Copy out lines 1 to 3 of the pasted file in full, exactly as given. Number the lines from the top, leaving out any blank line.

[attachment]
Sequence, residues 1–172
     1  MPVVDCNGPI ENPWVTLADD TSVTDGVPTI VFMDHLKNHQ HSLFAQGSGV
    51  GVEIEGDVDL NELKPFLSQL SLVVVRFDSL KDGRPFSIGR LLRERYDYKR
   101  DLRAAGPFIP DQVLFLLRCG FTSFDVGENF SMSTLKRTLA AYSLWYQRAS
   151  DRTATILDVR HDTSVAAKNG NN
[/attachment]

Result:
Sequence, residues 1–172
     1  MPVVDCNGPI ENPWVTLADD TSVTDGVPTI VFMDHLKNHQ HSLFAQGSGV
    51  GVEIEGDVDL NELKPFLSQL SLVVVRFDSL KDGRPFSIGR LLRERYDYKR